Competition fierce for standby seats on RDU flights
Posted December 28, 2010 12:58 p.m. EST
Updated December 29, 2010 10:42 a.m. EST
Morrisville, N.C. — As the number of flights taking off from Raleigh-Durham International Airport increased Tuesday, so did the competition for seats among travelers who have been stuck at the airport since Sunday.
Airports in the Northeast began to return to normal schedules Tuesday after two days of disruptions because of the same same storm system that dumped up to a foot of snow on North Carolina.
The backlog of travelers who have been trying to fly out of RDU since Sunday are now scrambling for any available seats on planes headed to New York, Boston and elsewhere.
Beverly Stowe and her son, Jake, had been visiting relatives in Fuquay-Varina for the Christmas holiday, but their Sunday flight to New York was canceled.
"The flights were canceled Monday. We called (Tuesday) morning, and there was room – eight seats – but now I find out that a (flight to John F. Kennedy International Airport) was canceled. So, all of those people are going to go onto our flight," Beverly Stowe said.
"The woman at the counter said that she wouldn't try (Tuesday) if it was her," she continued. "I said, 'But we're here. We're here. We want to go home."
RDU spokeswoman Mindy Hamlin said 22 arrivals and departures were canceled on Tuesday, down from more than 100 on Monday.
Angela Ross and her 8-year-old daughter, Kayla, can't get a flight home to California until Wednesday. They were supposed to leave on Sunday.
"I couldn't believe it because I was thinking perhaps (we could fly out Monday)," Ross said.
She said she didn't want to spend three days in the airport with her daughter, so Delta Airlines paid for them to spend two nights at a nearby Hilton Garden Inn. Ross is paying for the third night.
Kayla said she was enjoying her stay. She went shopping and to a movie with her mother and has had time to play with her Christmas toys.
"I like it because I like staying in hotels," she said.
Her mother, on the other hand, had had enough by Tuesday.
"It's nice to come visit (and) see family and friends, but after a few days, you're ready to get back home," Ross said.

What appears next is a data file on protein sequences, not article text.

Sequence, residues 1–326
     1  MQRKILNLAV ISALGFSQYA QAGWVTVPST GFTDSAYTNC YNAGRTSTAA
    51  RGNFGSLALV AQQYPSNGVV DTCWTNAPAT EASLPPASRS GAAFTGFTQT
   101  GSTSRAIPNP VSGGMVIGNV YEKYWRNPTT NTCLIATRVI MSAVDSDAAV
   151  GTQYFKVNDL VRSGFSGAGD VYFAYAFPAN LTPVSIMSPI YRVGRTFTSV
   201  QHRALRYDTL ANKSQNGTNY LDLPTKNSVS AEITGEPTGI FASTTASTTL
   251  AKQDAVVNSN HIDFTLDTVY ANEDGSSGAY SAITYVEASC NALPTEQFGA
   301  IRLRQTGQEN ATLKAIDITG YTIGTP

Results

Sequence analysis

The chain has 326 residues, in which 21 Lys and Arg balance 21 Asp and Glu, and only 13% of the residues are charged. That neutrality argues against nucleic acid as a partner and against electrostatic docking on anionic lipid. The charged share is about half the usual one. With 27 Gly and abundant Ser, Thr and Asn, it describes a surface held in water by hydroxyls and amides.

Although Kerri and Jon Gaudelli said they initially felt fortunate to have scheduled their flight for Tuesday, their flight was eventually canceled. They had to spend the night in a Raleigh hotel before renting a car to drive to New York.
Other travel woes ease
Traveling by car and train also was getting easier Tuesday.
Major roads in the Triangle were fairly clear of snow and ice, but slick spots remained on some secondary roads. Shady areas and spots on hills where the sun hasn't been able to melt snow and ice, highway entrance and exit ramps and smaller residential streets were especially treacherous for drivers.
Some people were stranded for about 12 hours at the Amtrak station in downtown Raleigh early Tuesday before finally boarding a train. Snow had slowed rail service along much of the East Coast since Sunday, and a train that was supposed to arrive in Raleigh at 9 p.m. Monday didn't pull in until after 9:30 a.m. Tuesday.
"Nobody let us know there was this much of a delay. If I had known that, I probably wouldn't have come. I would have made other arrangements," said Virginia Travis, who planned to take a train to Tampa, Fla.
Travis and other passengers also complained that the train station wasn't heated properly for their overnight stay.
"I understand that the trains (are) delayed because of the weather and everything, but we've all been like Popsicles," Travis said. "There's been children here (and) elderly adults and just no relief from the cold."
An Amtrak spokesman said the temperature in the station was kept in the mid-60s. The company offered discounted hotel rooms for the passengers, he said, but many chose to wait at the station.